Cowboys: 10 Worst Decisions By Jerry Jones

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DeSean Jackson

(11) catches a touchdown in front of Dallas Cowboys cornerback

Morris Claiborne

(24). Mandatory Credit: Tommy Gilligan-USA TODAY Sports

No. 7 – Drafting Morris Claiborne

By the time cornerback Morris Claiborne was selected as the sixth-overall pick in the 2012 NFL Draft, I had been screaming for years for a true defensive nose guard for the Dallas defense, then an ill-constructed 3-4 alignment that only featured franchise sack-leader DeMarcus Ware as the only great fit in the front seven.

Nonetheless, Jones entered the ’12 offseason actually believing that micro-nose tackle Jay Ratliff was going to play forever and also that the Dallas secondary was the greatest problem.

Nothing could have been further from the truth.

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Jones doubled down on his cornerback renovation project by signing Kansas City Chiefs corner Brandon Carr in free agency, a move that’s already been proven to be quite fruitless. As of late 2015, the Cowboys have gotten a total of six interceptions from Carr in exchange for their $50 million investment. Carr hasn’t intercepted a pass since Thanksgiving Day of 2013.

Enough about that.

Claiborne didn’t cost nearly as much money as Carr, but he was quite expensive in other ways.

Jones traded up for Claiborne while also giving away his second-round selection in the process. At the time, Jones proudly stated that his scouting department had graded Claiborne out with the same skill set as – wait for it – Deion Sanders.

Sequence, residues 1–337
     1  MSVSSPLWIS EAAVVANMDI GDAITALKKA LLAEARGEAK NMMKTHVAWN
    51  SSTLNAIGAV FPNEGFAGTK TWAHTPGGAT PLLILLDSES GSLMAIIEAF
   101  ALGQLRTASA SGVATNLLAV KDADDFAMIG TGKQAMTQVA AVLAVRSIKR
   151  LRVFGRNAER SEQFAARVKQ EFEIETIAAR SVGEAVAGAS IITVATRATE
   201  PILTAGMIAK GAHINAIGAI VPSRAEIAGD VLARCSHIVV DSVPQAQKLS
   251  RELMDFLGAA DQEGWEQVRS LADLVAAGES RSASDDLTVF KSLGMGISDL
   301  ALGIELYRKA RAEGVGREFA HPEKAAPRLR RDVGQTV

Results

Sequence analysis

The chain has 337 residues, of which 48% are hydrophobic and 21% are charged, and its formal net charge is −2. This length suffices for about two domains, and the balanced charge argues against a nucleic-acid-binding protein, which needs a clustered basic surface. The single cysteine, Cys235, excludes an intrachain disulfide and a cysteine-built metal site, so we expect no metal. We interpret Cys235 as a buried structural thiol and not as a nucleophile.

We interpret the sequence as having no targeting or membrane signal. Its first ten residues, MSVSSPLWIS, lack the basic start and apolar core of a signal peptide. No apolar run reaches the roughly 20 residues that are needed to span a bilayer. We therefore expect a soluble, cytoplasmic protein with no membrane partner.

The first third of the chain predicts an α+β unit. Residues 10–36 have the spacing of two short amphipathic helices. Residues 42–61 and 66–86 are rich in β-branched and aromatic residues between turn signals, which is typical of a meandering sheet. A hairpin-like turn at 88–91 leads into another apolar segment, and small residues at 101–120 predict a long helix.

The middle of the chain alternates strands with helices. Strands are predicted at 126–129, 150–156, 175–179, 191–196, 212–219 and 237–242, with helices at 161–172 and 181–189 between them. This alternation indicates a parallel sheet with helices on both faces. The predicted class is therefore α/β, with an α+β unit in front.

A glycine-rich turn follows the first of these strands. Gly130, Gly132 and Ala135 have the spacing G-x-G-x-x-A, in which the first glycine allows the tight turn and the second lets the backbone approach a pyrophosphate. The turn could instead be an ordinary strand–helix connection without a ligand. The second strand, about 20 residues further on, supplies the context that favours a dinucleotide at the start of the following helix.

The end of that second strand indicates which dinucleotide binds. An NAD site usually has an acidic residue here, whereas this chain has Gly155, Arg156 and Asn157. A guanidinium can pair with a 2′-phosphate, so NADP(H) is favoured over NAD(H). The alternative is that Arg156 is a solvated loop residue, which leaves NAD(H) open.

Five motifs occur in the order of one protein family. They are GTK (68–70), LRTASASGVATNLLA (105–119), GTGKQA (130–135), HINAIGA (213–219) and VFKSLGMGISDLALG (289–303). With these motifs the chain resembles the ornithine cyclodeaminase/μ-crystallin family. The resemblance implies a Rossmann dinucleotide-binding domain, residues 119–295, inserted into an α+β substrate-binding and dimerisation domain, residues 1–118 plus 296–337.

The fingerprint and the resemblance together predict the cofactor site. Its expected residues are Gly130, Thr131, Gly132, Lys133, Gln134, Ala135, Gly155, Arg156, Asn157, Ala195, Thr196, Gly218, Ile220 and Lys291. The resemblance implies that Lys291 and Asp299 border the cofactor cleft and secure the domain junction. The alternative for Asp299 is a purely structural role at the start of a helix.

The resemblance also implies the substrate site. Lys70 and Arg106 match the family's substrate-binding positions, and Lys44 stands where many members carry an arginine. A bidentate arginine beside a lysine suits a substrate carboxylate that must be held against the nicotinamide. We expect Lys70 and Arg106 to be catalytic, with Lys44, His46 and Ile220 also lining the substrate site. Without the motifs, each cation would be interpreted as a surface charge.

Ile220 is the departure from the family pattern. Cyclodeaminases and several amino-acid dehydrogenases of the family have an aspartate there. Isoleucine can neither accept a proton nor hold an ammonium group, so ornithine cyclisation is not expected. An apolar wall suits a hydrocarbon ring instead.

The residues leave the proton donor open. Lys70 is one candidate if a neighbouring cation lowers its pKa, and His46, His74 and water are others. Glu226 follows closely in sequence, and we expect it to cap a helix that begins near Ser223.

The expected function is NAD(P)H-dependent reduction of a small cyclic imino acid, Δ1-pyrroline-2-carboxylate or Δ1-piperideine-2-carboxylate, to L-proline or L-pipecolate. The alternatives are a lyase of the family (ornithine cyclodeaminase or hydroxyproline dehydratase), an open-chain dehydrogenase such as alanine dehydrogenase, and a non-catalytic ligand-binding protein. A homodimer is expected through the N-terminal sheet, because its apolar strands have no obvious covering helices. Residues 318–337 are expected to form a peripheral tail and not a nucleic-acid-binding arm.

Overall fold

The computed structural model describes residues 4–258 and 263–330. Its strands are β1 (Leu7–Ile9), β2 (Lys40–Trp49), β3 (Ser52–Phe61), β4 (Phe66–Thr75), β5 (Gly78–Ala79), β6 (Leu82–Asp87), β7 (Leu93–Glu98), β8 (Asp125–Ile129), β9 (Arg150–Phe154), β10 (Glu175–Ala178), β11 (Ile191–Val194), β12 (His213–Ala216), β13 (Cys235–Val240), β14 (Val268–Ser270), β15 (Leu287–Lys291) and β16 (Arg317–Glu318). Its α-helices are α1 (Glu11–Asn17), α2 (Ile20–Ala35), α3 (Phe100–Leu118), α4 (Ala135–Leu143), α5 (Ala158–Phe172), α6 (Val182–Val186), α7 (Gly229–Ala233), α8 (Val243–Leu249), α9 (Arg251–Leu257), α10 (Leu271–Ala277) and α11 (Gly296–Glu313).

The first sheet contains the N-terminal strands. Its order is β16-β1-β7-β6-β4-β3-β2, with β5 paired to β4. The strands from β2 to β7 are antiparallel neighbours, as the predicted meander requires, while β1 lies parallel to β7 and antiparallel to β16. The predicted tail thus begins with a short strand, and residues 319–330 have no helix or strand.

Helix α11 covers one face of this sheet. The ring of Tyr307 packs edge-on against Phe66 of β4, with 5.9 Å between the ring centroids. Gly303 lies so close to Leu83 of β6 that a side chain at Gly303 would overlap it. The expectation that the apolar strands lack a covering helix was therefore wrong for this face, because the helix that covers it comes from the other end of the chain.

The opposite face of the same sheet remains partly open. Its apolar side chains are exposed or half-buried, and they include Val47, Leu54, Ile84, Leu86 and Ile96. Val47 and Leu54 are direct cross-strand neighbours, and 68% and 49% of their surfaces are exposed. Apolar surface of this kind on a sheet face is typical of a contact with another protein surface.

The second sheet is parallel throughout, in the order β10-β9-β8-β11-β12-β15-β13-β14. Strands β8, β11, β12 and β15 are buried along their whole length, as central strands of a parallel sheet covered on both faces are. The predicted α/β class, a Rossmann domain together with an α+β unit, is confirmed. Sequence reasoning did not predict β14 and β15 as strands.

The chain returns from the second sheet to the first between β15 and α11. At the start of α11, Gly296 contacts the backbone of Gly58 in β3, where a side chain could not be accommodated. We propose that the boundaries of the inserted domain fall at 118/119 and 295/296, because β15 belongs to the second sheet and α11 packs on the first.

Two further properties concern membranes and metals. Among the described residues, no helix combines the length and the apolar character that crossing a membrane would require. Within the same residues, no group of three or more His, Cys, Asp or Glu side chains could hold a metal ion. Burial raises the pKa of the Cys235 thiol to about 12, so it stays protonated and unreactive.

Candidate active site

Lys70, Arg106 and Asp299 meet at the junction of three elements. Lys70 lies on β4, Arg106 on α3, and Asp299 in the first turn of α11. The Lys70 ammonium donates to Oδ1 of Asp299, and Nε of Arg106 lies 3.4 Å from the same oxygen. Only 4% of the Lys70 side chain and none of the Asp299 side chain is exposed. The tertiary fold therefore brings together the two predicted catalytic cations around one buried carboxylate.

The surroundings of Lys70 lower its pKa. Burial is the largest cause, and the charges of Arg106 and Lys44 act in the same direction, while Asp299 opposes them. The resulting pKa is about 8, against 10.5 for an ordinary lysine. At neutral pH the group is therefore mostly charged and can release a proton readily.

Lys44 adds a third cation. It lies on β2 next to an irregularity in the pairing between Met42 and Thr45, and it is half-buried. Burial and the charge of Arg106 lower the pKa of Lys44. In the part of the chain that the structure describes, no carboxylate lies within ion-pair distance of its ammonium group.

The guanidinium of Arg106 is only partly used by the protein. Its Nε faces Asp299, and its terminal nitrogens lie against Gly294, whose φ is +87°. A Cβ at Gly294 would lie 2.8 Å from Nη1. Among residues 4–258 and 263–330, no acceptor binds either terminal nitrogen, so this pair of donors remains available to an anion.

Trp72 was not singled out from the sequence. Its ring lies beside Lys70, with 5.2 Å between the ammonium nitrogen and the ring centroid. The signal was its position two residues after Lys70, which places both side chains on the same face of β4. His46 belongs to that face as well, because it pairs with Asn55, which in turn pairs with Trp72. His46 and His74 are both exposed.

Since being selected, Claiborne has been a mess on the field, at least whenever he’s actually been on it. The former LSU star has never made through either a training camp or a 16-game schedule in the regular season. He has a total of just three interceptions to go with 22 passes defensed – these are career numbers, mind you.

Replaced Terrance Newman is still playing some good football, at the tender age of 37, while having racked up eight interceptions since leaving Dallas – that’s just one less than Carr and Claiborne combined over the same time frame.

For Jones to have reached the way he did for Claiborne while not realizing that Ratliff’s days were definitely numbered and that Ware’s, at least with the Cowboys, were as well, was a lame idea and a poor evaluation of talent. It was plane stupid to ignore the deep end of the roster for a highly overrated corner in the first round and at the added expense of a goose egg in the second.

I said at the time that Claiborne wasn’t going to make a difference for the Cowboys the evening he was selected, but not so much because of the person or player, but rather the position he plays. Just a season later, the Cowboys scrapped the antiquated 3-4 scheme in favor of their historic 4-3 front.

Claiborne has still never made the impact that one would expect from a player selected with the naïve urgency that he was.

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